Yes, Joe Girardi does want to manage again.
The former Yankees and Marlins manager likes his job as an analyst at MLB Network (disclaimer, we are colleagues there), but in something that should surprise few, Girardi made it clear he still has the managing bug. While he declined to discuss the Cardinals' situation in particular — perhaps because they currently have an interim, Mike Schildt — the fit there with Girardi is so obvious it was speculated by scores of reporters within hours of Mike Matheny's surprise firing Saturday.
RELATED: Jayson Werth retires with no regrets
"Yes I do," Girardi answered succinctly by text when asked by Fancred whether he has interest in managing. (He affirmed this later verbally.)
While Girardi didn't utter a word about the Cardinals, he is seen as a potential match, especially since he and Cardinals president of baseball operations John Mozeliak have a long-standing rapport. Girardi also briefly played for the Cardinals after productive years with the Rockies, Cubs and Yankees. And he has strong Midwestern ties; Girardi is a Peoria, Ill. native who played college baseball for Northwestern before later starring for the Cubs.
If Matheny's firing was a surprise, Girardi's dismissal from the Yankees following last season was a shocker. They are two among very few to have managed at least six years in one organization without posting a losing season, and then still be fired. In Girardi's case, the 2017 Yankees came within a game of the World Series, making his dismissal even more surprising.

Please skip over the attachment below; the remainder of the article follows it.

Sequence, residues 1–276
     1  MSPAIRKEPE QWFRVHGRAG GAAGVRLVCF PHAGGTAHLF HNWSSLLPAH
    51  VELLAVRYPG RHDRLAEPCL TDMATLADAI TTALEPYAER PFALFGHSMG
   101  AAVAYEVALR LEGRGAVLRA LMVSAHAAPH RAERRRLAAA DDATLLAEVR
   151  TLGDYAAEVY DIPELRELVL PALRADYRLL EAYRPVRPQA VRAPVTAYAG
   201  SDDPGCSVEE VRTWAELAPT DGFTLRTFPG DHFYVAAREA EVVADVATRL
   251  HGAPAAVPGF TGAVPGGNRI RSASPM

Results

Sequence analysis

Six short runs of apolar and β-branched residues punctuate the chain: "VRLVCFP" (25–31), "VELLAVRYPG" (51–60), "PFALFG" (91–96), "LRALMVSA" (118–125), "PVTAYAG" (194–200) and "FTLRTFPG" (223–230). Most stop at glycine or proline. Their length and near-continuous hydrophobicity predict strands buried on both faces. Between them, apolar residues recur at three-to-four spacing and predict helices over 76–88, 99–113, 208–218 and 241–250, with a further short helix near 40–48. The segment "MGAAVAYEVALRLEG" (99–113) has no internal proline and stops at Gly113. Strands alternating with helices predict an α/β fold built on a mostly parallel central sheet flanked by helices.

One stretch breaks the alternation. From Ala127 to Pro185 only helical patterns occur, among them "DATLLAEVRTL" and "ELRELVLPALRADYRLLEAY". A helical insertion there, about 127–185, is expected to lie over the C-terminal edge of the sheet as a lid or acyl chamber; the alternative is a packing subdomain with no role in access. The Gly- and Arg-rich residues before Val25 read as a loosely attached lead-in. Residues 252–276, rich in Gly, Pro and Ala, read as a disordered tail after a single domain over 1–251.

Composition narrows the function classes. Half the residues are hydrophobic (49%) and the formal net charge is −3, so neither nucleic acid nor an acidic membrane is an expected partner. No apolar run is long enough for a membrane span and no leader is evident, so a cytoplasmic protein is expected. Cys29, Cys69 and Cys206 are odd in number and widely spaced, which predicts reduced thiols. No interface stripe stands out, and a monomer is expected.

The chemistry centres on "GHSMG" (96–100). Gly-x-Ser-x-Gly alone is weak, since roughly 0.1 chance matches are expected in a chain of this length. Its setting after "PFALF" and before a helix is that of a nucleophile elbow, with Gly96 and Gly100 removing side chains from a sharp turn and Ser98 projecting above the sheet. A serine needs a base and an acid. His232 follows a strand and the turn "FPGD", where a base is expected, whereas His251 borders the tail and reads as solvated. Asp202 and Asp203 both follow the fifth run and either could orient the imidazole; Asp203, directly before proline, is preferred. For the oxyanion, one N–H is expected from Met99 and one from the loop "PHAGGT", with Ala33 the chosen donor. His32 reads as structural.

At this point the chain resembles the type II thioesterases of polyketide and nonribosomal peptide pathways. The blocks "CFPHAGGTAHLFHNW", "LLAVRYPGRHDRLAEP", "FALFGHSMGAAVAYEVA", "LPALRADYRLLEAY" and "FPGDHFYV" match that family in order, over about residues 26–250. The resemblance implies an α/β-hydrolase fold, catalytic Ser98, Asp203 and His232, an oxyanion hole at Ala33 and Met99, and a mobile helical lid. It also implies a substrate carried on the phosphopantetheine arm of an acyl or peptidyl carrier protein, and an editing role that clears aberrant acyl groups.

"I do want to manage," Girardi, whose has a career mark of 988-794 and who guided the Yankees to the 2009 World Series title, said in a phone interview. "I am definitely interested in managing."
While Girardi's name isn't the only one raised in the wake of Matheny's dismissal, it is definitely the most common. Others have mentioned Dusty Baker, who has had four managerial stops and was fired after consecutive first-place, 90-plus-win seasons with the Nats, and Cardinals legend Mark McGwire, currently the bench coach with the Padres after serving as the Cardinals hitting coach.
The interim manager Schildt also can't be discounted, as he has a longstanding relationship with Mozeliak.
Teams have recently moved away from high-priced, veteran leaders in the dugout, but Girardi's record would seem enough to make any team with an opening take a look. Whether the Cardinals follow that logic remains to be seen.